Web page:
To the editor: Samuel Kleiner and Tom Zoellner give an excellent historical overview of the Munich agreement of 1938. Actually, they spend very little text telling us why it is wrong to compare it to President Obama’s (Neville Chamberlain) and Secretary of State John Kerry’s (Lord Halifax ) recent actions in relation to Iran. (“Republicans’ ‘Munich’ fallacy,” op-ed, July 20)
Chamberlain had an excuse because Great Britain was weak after World War I and did not yet have the backing of the U.S. and what would become the Allies.
The authors write that the U.S. is the major superpower in the world with massive firepower and that economic sanctions left Iran without much leverage. Despite this overwhelming advantage, we constructed a deal to leave Iran as a threshold nuclear power with plenty of economic funding to continue arming and constructing missiles.
I assume we felt that Iran had an irrevocable hard line and that we needed the courage to compromise and accede to its demands.
Stanley Tobias, Long Beach
To the editor: I agree with Kleiner and Zoellner that comparing Iran now to Munich in 1938 is ridiculous. For starters, Chamberlain did not have thousands of nuclear missiles and history’s largest and most expensive military establishment at his disposal.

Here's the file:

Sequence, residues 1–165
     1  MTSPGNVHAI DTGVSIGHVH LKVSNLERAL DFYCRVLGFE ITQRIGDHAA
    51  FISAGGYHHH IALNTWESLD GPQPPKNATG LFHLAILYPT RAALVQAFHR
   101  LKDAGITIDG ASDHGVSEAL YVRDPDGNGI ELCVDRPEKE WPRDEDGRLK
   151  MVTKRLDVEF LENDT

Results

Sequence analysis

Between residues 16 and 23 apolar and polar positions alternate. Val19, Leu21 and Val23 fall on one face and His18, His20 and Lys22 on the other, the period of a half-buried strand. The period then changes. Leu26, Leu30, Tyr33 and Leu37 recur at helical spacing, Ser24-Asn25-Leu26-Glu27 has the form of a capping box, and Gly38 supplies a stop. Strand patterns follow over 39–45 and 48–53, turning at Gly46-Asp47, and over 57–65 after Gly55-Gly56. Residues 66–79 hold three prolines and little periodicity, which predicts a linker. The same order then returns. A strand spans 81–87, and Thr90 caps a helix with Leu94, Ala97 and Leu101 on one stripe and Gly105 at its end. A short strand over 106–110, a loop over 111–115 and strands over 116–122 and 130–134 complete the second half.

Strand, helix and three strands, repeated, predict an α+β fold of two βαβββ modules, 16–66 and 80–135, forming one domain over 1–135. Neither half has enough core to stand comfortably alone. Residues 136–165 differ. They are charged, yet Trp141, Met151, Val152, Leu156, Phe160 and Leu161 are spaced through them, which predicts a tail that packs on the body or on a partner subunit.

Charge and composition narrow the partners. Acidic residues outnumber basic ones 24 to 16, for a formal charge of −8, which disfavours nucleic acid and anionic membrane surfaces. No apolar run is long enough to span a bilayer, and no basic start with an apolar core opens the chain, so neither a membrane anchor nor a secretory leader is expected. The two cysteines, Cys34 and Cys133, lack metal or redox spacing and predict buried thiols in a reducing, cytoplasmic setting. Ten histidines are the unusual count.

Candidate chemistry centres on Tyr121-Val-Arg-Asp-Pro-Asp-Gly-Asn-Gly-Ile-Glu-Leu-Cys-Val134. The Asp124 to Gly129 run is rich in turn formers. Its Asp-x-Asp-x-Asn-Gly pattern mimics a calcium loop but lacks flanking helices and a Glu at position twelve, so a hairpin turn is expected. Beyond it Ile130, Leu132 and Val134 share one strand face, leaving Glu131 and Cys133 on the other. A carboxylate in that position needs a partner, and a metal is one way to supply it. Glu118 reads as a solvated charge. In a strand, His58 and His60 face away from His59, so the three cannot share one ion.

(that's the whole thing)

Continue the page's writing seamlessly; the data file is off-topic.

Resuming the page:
Given that, I think we’ve all noticed how mainstream media select tidbits from history while ignoring most of the rest of it. These esteemed scholars have omitted the fact that President Eisenhower’s CIA helped to overthrow Iran’s democratically elected government in 1953, in a dispute with British petroleum interests.
Apparently, our gas pedals not only start our cars, but they start our wars too.
To go to even more recent history, why would these scholars omit the fact that the Pentagon under President Reagan provided support to Saddam Hussein during the Iran-Iraq war in the 1980s, effectively helping him slaughter thousands of Iranian troops?
John C. Graves, Winnetka
To the editor: Kleiner and Zoellner ignore the fact that the original intent of the negotiations, as advertised to the American people, was that Iran was going to be prevented from ever achieving a nuclear bomb. We started the negotiations holding all the cards and rapidly gave them away.
All we did was kick the can down the road and allow Iran the capability to build one in the near future.
Because of the threat of a nuclear Iran, this will kick off a nuclear arms race in the Middle East. With unstable governments in the region, the potential for terrorist groups to get a weapon and trigger a world war is high.
Iran’s record of complying with anything imposed by world powers is bad. The safeguards in the pact accordingly provide little comfort. Sounds to me like a good comparison to Munich.
Emanuel R. Baker, Los Angeles